Currently we have no plans to clamp or cap as you refer to it bandwidth. We do charge more as your usage increases, but at under $2 a GB, it is fairly reasonable.
  • by Diskord ( 658620 ) on Wednesday March 12, 2003 @04:35PM (#5496812)
    For more information you can visit our the Mason County Website at http://www.masonpud3.org/Telecom Actually this will be a full 100 Mbps connect to your house, we plan on offering more than just IP over the fiber. We hope to in the near future to offer both phone service and video service (ala digital cable) as well. We are actually the second PUD in the state of Washington to offer Fiber to your door, Grant County in Eastern Washington is also offering a similar type service. And no, we don't own any dams, in fact the only electrical generation we own is a 3MW substation, this is being funded by the ratepayers of Mason County PUD3 over a 20 year loan.
  • Easy (Score:4, Informative)

    by jaavaaguru ( 261551 ) on Wednesday March 12, 2003 @04:39PM (#5496863) Homepage
    That would be excellent for me. My Internet habits entirely consist of...

    * Checking Slashdot and a few other discussion boards
    * Checking my e-mail
    * Chatting on Jabber, AIM and MSN
    * Updating my website
    * Occasionally downloading Redhat's software updates
    * Sometimes playing streaming music (but not very often)

    That could easily be les than 5Gb/month.
  • by sconeu ( 64226 ) on Wednesday March 12, 2003 @04:40PM (#5496872) Homepage Journal
    100mbps? Wow! 100mbps is 1 bit every 10 seconds! I can talk faster than that!

    Now, a 100Mbps connection, that I could get excited about!
  • by Diskord ( 658620 ) on Wednesday March 12, 2003 @04:40PM (#5496878)
    Juyst to clarify, Donobi is just one of many ISP's on our fiber network. The Fiber itself is being laid by Mason County PUD3.

    The PUD website is http://www.masonpud3.org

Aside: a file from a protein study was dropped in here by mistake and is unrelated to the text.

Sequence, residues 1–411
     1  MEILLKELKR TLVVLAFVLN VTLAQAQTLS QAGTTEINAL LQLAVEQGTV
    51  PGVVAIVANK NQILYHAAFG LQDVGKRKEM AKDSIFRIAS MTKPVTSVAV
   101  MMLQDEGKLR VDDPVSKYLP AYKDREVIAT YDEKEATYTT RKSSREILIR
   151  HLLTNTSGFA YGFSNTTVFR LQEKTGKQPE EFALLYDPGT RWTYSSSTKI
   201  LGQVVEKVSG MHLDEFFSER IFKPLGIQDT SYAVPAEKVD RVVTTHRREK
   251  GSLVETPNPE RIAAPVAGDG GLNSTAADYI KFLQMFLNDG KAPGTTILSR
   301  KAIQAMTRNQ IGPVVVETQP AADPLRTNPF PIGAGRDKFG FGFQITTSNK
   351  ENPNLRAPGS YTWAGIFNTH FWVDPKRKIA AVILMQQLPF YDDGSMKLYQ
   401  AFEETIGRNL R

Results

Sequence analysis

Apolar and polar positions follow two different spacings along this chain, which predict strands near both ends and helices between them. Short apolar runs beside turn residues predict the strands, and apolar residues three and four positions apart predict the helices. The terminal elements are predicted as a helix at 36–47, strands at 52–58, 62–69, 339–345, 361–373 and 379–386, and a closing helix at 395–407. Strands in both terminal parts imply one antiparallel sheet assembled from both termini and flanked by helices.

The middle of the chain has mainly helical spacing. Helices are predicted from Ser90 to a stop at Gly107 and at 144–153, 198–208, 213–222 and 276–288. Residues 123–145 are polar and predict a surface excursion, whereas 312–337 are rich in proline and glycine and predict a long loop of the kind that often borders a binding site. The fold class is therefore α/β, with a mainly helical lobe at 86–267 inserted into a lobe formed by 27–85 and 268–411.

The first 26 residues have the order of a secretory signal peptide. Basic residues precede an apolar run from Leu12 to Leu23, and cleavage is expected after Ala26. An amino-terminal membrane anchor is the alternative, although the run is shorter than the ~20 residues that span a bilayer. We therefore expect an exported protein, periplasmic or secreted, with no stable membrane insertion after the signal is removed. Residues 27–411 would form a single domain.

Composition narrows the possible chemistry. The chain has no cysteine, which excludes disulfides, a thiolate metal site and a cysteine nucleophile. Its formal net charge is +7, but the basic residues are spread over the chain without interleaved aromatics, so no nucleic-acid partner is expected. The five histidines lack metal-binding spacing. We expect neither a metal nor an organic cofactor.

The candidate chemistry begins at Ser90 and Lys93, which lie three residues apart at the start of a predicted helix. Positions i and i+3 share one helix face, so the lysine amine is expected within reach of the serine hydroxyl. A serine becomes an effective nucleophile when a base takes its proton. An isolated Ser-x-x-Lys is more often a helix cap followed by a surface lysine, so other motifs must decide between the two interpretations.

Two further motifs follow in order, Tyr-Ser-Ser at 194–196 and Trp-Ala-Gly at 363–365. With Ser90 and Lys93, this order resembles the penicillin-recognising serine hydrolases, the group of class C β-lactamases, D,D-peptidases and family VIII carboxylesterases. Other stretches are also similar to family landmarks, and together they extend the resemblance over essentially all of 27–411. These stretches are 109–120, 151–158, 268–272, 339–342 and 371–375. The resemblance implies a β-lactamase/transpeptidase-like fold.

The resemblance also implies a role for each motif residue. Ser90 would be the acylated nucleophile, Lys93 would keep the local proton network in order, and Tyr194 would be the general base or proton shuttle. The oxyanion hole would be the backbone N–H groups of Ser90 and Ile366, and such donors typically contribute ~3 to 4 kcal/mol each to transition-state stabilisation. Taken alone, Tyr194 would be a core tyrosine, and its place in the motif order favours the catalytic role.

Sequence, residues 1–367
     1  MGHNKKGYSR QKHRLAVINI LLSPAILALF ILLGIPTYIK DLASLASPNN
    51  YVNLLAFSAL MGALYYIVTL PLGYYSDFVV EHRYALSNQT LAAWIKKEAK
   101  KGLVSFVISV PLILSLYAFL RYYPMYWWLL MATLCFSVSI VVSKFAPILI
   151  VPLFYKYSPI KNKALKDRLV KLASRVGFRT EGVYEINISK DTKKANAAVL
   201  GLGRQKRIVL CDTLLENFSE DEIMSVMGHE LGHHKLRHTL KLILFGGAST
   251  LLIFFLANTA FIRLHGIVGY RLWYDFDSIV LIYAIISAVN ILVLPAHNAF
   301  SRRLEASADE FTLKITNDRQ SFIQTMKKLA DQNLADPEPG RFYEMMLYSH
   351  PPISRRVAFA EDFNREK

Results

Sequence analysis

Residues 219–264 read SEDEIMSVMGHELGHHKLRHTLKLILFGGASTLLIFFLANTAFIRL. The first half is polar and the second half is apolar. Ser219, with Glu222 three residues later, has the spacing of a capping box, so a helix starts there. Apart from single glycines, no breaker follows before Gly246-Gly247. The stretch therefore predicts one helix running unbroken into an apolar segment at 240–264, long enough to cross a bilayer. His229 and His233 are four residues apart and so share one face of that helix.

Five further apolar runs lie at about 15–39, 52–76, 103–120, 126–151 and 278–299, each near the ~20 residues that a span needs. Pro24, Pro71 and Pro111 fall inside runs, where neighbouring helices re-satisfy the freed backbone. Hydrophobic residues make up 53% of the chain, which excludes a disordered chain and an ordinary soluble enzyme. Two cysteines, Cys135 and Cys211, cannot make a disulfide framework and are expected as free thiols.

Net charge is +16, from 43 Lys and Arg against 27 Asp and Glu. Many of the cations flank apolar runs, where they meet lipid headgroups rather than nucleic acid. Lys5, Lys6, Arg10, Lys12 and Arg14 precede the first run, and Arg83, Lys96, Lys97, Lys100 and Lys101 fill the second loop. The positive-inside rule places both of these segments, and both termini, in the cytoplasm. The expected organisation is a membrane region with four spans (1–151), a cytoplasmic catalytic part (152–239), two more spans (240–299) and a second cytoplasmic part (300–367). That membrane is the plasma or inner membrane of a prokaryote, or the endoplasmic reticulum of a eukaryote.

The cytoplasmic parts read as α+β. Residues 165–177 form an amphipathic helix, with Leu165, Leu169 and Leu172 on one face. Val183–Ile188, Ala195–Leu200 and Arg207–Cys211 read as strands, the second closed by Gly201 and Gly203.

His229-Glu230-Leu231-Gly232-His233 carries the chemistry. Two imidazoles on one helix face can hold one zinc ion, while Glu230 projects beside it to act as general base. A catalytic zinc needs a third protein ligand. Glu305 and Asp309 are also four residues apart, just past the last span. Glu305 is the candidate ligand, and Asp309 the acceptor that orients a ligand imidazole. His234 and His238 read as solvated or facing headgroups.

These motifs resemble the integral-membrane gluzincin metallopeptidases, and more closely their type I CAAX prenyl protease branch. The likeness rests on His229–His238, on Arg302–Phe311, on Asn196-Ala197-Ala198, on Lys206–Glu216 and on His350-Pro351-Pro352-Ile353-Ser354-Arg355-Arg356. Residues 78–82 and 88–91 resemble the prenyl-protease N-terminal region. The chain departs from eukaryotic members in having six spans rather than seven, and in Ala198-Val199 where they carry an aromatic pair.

There you can find a complete list of retailers, and more information on the Fiber project.
  • From The TOS (Score:4, Interesting)

    by Nick Harkin ( 589728 ) <slashdot@cast-co ... k ['mpu' in gap]> on Wednesday March 12, 2003 @04:43PM (#5496913)
    "In any case, you will be disconnected after approximately 8 hours of continuous connect time"

    This isn't something i expect/want from a fibre optic line, neither is:

    We expect that you will promptly disconnect your modem from our dialup facility when you are not actively using the connection. If we discover that your system is connected to DONOBi but idle (not sending or receiving data) we may disconnect you.
  • Yeah, great... (Score:4, Interesting)

    by hafree ( 307412 ) on Wednesday March 12, 2003 @04:46PM (#5496943) Homepage
    The first thing I do when I turn on my computer is tune into internet radio, usually a 128kbps mp3 stream for around 4 hours a day. At that rate, I'd use up my 3GB quota before the month was half over, and that doesn't even include browsing the web, sending and receiving e-mail, or downloading files. I'll stick with cable until they can figure out a better definition for "unlimited".
    • Re:Yeah, great... (Score:5, Informative)

      by matastas ( 547484 ) on Wednesday March 12, 2003 @05:52PM (#5498021)
      Read. The damned. Web site.

      If you don't want the business account, you don't have to worry about that. You sacrifice the ability to use server. This is what we in the Real World call 'give and take.' And it comes with the territory of paying a lower price for a service.
  • Terms of service... (Score:2, Informative)

    by Destoo ( 530123 )
    I really hate those dispositions...

    Many Internet service providers block all email from sites that are primary by senders of unsolicited email. In addition, you agree to pay the following in the event you are responsible for, generating or cause any unsolicited commercial e-mail to emanate or appear to emanate from DONOBi. $500 per event plus $1.00 per message sent, plus $50 per complaint received by DONOBi, plus any damages or loss of service(s) to DONOBi, as a result of any spamming or other violation of these policies. These damages include, but are not limited to system shut downs, retaliatory attacks or data flooding.

    Translation into abuse:
    Spam with reply-to address <user>@donobi.com

    Replace <user> with name of loved one.

    Is that disposition really necessary?
    Unlimited access accounts are for intermittent usage/connection to our system as long as you are physically in front of your computer and actively using the connection.

  • by CrystalFalcon ( 233559 ) on Wednesday March 12, 2003 @04:49PM (#5496973) Homepage
    I usually leech on the order of fifteen to twenty gigs a DAY. These guys have not done their homework on how the customer uses the product...

    ...either that, or they are trying to present a politically correct image of how the product will be used, in case they will go the way of the other dot-bombs. In any case, they have shown to be pulling numbers out of thin air. My guess is that the executives' secretaries print their e-mail for them.